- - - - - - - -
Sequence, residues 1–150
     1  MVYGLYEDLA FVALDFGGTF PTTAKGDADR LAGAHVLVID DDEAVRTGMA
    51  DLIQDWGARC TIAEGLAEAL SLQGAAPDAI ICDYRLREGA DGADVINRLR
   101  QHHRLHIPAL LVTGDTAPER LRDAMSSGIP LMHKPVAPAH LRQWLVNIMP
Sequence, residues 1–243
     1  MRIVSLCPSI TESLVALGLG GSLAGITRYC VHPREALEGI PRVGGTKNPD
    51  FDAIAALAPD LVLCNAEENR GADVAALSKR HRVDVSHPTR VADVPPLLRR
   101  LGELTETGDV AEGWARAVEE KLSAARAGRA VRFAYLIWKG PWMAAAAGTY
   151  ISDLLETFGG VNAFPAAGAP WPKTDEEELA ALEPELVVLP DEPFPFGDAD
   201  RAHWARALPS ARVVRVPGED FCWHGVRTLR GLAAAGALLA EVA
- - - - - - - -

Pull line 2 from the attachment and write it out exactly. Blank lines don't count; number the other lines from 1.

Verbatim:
     1  MVYGLYEDLA FVALDFGGTF PTTAKGDADR LAGAHVLVID DDEAVRTGMA